A new disaster movie is about to be released. “2012”
is another in a series of fantastical apocalyptic stories, this time
based on the Mayan "Long Count" calendar, which marks the end of a
5,126-year era on December 21, 2012. The movie has amazing visual
effects that depict earthquakes, floods, tsunamis, fires, meteor
showers, and all manner of nightmarish events unleashed on Earth – all
at the same time – on this future date. Some (including this blogger)
have noticed a familiar resemblance to widespread, and unwarranted,
Open Hazards provides people all over the world
with online information about earthquake hazards, and it’s all free to
site visitors and members. We hope you’ll return often to the site to
gain a better understanding of how earthquake hazards might affect you
and your family, and to learn more about what you can do to avoid the
negative impact from a damaging event that could strike where you live.
I’d like to introduce myself to Open Hazards
visitors and members. If you’ve read any of the previous OH•Zone
entries, you may have noticed that I’m writing to non-technical
audiences – people like myself, who are not trained scientists or
engineers, but who have a real interest in learning more about our
world and how it works.
Earthquake Underground blogger John Rundle talks about the “Elastic
Rebound” effect. If you hang out with earthquake scientists or
engineers, it’s a term that’s commonly understood. But what if you’re
like me, a non-scientist, and terms like this are used to explain why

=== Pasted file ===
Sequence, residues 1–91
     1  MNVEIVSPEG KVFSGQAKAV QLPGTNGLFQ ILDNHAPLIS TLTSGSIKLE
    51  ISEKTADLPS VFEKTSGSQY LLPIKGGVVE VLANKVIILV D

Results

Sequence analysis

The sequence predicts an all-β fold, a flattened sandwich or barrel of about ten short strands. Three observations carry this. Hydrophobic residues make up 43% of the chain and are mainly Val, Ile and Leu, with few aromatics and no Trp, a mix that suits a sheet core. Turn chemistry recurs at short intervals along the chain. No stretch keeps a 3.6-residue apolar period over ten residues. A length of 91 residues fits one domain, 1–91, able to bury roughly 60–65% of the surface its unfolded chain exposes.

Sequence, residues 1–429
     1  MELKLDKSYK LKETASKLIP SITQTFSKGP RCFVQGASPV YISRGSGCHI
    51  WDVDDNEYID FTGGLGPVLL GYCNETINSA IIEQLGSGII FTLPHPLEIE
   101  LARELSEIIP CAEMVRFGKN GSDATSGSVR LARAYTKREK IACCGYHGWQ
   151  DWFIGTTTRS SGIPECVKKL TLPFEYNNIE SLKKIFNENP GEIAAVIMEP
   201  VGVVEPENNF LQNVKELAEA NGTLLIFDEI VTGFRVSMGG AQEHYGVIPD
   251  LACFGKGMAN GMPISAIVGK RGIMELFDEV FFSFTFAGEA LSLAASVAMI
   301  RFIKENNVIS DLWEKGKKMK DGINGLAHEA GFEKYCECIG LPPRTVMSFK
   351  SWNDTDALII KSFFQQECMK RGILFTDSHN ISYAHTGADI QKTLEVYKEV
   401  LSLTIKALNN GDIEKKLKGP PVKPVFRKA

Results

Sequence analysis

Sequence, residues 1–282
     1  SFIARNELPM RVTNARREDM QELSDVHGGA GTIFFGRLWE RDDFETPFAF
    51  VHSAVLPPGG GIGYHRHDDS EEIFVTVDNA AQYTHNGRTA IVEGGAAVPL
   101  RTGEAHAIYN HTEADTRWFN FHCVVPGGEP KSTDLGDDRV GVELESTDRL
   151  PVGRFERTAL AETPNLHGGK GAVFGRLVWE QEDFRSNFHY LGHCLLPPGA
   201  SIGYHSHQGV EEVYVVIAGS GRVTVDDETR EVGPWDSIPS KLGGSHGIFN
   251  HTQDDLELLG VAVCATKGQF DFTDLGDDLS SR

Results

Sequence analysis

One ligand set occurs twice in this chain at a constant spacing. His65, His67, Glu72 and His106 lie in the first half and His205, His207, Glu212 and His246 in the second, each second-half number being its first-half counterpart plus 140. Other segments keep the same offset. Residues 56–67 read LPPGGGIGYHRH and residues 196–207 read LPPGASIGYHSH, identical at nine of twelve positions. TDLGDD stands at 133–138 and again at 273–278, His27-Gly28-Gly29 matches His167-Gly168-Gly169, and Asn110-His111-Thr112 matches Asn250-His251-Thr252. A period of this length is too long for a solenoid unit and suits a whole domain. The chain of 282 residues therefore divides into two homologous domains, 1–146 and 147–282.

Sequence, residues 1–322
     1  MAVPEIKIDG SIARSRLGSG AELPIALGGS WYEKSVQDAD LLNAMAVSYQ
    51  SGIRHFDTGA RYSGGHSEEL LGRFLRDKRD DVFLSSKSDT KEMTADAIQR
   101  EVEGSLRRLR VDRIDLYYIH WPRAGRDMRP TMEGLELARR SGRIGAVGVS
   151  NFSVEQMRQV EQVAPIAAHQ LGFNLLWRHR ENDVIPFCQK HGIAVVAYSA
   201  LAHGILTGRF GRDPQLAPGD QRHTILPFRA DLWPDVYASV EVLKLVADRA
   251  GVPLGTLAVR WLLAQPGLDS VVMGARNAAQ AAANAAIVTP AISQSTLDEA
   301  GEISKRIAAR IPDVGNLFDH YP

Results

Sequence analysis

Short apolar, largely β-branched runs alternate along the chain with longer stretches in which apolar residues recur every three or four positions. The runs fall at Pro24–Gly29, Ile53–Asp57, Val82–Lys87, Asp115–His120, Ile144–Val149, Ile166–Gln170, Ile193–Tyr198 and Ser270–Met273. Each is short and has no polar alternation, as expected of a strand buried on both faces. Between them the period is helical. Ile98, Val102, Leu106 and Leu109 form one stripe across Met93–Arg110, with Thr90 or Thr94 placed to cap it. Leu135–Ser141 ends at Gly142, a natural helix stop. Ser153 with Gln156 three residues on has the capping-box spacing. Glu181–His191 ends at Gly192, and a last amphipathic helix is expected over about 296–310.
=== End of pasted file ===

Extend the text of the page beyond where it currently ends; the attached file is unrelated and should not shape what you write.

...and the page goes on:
the earth occasionally heaves beneath your feet? Let's pull the term elastic rebound apart to better understand what it means.
A magnitude 5.0 earthquake struck this morning in Yunnan,
southwest China, and caused great damage to the areas in and around the
epicenter of Binchuan County. Twenty-eight people were injured, and
300,000 people are affected. Over a thousand houses and other buildings
collapsed, with more than thirty thousand homes and buildings damaged
to varying degrees.
Measuring the size of an earthquake is a complicated process, which
is the main reason most of us have trouble understanding just how much
power is released by an earthquake of a certain “magnitude”. I searched
around for the simplest explanation possible. If you understand a
little more about the potential power that can be unleashed during an
earthquake, then you might also appreciate how important it is to be
Ever stumbled inside one of those carnival fun
houses where the floors are all uneven and the walls are at odd angles?
Ever been groping around in a dark room and put your foot on a stair
step you thought was there -- but wasn't? Ever been on a small boat in
a big storm at sea, with huge waves tossing the boat around like a
small bottle cork? If you answered yes to any of these, or have a good
imagination, then you know a little of what it's like to be surprised
by a large, damaging earthquake.
It's out there, somewhere in cyberspace, that vast network of
computers where online communication happens. Sit down at a computer,
open your favorite browser. In the search window, pose any question
that comes to mind. Then scroll through the mountains of material
served up in an instant. Easy!